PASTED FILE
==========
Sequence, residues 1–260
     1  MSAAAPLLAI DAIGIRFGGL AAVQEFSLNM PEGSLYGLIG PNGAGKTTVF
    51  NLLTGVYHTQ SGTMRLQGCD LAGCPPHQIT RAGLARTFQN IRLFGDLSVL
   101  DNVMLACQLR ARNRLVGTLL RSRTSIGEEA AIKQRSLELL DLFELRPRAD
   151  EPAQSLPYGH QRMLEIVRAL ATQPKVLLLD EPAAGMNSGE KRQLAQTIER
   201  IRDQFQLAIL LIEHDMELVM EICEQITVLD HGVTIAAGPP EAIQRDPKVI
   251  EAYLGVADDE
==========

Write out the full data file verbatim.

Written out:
Sequence, residues 1–260
     1  MSAAAPLLAI DAIGIRFGGL AAVQEFSLNM PEGSLYGLIG PNGAGKTTVF
    51  NLLTGVYHTQ SGTMRLQGCD LAGCPPHQIT RAGLARTFQN IRLFGDLSVL
   101  DNVMLACQLR ARNRLVGTLL RSRTSIGEEA AIKQRSLELL DLFELRPRAD
   151  EPAQSLPYGH QRMLEIVRAL ATQPKVLLLD EPAAGMNSGE KRQLAQTIER
   201  IRDQFQLAIL LIEHDMELVM EICEQITVLD HGVTIAAGPP EAIQRDPKVI
   251  EAYLGVADDE